It’s quite a whirlwind for this singer, who two years ago was still largely unknown outside of her native Canada. She was, though, not a fresh-faced newcomer to music, even at that point.

A native of Mission, British Columbia, Jepsen, 27, began pursuing music a year or so after high school, playing pubs around Vancouver, B.C., when she could and working jobs (including being a barista and a bartender) to pay the bills.

Jepsen wasn’t on the verge of any real breakthrough when in 2007, she talked to her high school drama instructor, who suggested that she try out for “Canadian Idol,” the counterpart north of the border to the highly popular U.S. version, “American Idol.”

“She was like ‘Carly, I know you’re trying everything, but try this. Why not? It could be a bit of exposure. Worst case scenario, you go to audition and it doesn’t work and you just keep doing whatever you do,’” Jepsen recalled, noting that she resisted the idea for a time. “It wasn’t until season five that I finally caved in to her suggestion and went and tried it.”

Jepsen landed on the “Canadian Idol” television show, eventually finishing third in that season’s competition.

That led to a record deal and the release in Canada of her 2008 debut CD, “Tug Of War,” which produced a pair of hit singles, “Tug Of War” and “Bucket.”

It would be three years before Jepsen released more music, but when that next song arrived in September 2011 in Canada, it would be a game changer. It was “Call Me Maybe,” and by Christmastime, the song was getting airplay in Canada.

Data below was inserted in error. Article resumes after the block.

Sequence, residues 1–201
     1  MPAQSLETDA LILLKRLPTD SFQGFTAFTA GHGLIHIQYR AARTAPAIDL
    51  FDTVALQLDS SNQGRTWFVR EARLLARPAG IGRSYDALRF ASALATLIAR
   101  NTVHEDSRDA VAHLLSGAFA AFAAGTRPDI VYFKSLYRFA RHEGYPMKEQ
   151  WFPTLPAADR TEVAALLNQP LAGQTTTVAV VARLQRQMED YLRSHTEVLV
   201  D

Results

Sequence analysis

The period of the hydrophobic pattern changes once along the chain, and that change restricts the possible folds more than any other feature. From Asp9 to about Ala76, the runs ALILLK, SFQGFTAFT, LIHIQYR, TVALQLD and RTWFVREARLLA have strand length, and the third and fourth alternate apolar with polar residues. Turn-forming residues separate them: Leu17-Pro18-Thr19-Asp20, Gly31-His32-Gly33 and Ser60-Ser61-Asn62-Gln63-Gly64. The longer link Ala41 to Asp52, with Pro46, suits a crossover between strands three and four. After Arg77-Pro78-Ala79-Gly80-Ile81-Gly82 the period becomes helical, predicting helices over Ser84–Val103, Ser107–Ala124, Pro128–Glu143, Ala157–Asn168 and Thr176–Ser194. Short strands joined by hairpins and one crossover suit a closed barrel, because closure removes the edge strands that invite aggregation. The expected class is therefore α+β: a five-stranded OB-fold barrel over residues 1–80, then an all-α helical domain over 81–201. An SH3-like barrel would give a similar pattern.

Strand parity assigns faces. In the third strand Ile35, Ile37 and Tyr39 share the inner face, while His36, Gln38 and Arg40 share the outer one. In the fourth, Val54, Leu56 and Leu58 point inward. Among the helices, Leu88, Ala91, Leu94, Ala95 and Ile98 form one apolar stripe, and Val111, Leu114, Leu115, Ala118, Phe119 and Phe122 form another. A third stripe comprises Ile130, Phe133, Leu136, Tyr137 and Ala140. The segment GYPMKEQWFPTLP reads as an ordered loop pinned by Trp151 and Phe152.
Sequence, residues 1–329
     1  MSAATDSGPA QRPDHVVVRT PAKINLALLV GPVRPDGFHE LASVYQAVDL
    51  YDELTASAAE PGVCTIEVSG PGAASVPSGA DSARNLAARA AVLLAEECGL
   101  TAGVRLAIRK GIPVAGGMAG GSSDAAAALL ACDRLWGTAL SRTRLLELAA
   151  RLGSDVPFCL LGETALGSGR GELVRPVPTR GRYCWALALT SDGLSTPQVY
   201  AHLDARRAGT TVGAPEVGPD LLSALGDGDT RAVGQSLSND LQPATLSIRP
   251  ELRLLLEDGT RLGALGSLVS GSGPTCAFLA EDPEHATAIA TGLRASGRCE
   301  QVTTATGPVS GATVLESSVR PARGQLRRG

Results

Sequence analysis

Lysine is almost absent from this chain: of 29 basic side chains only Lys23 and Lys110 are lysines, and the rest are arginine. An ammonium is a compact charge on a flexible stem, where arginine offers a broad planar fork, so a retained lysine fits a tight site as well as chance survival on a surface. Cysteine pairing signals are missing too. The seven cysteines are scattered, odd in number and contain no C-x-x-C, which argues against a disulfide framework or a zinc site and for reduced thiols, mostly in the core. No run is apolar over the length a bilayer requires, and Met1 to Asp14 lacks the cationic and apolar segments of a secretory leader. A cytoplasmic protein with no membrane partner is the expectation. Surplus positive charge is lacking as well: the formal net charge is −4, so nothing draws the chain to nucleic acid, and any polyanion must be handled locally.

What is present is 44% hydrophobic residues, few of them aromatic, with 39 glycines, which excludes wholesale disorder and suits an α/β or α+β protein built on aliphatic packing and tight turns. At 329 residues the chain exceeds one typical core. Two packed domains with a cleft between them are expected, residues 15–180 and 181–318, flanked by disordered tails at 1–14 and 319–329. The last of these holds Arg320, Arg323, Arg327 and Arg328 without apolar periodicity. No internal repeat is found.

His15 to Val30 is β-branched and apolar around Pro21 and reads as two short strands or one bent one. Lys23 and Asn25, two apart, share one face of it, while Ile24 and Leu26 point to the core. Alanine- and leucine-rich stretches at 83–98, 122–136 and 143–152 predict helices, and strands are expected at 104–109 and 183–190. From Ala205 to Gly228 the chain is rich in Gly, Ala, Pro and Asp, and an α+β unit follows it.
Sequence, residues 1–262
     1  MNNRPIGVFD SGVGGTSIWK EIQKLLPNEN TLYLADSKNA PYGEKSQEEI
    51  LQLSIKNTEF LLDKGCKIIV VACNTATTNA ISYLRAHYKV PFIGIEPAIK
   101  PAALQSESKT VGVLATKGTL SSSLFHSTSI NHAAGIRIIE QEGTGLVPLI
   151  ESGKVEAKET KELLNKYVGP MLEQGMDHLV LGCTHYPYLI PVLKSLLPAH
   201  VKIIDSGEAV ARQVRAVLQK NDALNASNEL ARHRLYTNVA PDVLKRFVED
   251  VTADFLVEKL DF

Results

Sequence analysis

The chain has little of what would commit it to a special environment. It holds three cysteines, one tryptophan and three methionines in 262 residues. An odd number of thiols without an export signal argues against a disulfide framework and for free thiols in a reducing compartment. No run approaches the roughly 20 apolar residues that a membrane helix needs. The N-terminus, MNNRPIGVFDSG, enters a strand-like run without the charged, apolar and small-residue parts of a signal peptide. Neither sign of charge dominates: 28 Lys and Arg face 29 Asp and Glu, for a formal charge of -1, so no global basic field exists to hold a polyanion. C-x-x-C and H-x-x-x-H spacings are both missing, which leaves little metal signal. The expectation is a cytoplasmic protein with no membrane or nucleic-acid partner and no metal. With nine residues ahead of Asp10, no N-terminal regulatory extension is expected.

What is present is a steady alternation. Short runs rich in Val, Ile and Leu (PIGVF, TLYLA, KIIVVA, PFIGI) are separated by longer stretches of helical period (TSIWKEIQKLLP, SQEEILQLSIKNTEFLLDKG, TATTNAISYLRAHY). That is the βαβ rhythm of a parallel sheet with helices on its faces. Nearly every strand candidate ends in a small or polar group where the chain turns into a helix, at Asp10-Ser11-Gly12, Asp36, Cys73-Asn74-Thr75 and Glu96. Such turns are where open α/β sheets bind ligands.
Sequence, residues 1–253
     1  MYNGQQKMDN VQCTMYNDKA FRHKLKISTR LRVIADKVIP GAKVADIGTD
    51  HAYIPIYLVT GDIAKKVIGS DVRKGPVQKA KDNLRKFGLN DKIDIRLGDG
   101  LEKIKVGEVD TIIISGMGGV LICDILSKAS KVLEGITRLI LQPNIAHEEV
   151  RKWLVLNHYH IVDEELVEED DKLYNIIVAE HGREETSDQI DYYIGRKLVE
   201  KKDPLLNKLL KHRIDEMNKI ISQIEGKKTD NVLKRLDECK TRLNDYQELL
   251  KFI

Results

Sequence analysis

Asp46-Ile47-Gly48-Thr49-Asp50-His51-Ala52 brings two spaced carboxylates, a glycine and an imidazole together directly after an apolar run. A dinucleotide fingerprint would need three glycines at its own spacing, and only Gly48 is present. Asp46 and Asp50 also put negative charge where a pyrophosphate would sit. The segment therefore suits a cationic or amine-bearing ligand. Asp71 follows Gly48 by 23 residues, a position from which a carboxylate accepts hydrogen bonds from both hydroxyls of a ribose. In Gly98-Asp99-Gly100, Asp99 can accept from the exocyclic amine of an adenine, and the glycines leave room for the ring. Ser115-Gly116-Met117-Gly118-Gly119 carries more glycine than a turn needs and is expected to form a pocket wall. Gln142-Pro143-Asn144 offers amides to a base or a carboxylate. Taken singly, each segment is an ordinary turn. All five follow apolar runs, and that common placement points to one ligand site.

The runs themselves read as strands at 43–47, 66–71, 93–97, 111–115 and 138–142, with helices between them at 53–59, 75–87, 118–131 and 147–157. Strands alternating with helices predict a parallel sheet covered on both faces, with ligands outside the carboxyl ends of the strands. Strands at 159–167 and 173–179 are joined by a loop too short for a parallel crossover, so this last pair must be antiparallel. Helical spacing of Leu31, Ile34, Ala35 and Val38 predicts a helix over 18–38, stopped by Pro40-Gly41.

It was on Canadian radio that another Canadian star, Bieber, heard “Call Me Maybe” and instantly fell for the song. He started tweeting about it and then made a viral video parody of “Call Me Maybe” (with Selena Gomez and Ashley Tisdale among others) that spread like wildfire across the Internet. Soon Jepsen had signed on with Bieber’s manager, Scooter Braun, and Bieber’s record label, Schoolboy Records, and radio beyond Canada was jumping on the “Call Me Maybe” bandwagon. The song became more than a hit. It was a phenomenon, going No. 1 in 37 countries, including the United States, where it held the top spot on the Billboard 100 for nine weeks.

“Call Me Maybe” (which was included on the “Curiosity” EP) makes a return appearance on “Kiss.” “Good Time” (which is also on the current Owl City CD, “The Midsummer Station”) is also featured on “Kiss.” And the rest of “Kiss” sticks to the playful dance-pop of those two songs, as Jepsen sings her way through 10 additional tracks that include cheery up-tempo tunes like “This Kiss,” “Turn Me Up” and “Hurt So Good,” and an occasional ballad like “Beautiful,” which features guest vocals from Bieber.

Jepsen’s live show features many of the songs from “Kiss.”

While she said there are a few visual bells and whistles to her show, the focus is on the music Jepsen and her band plays during her set.

“We’ve definitely been having a lot of fun creating the show,” Jepsen said. “We really focused in on wanting the music to feel great. So we’ve been perfecting the songs as best we can and making a set list that feels like home.”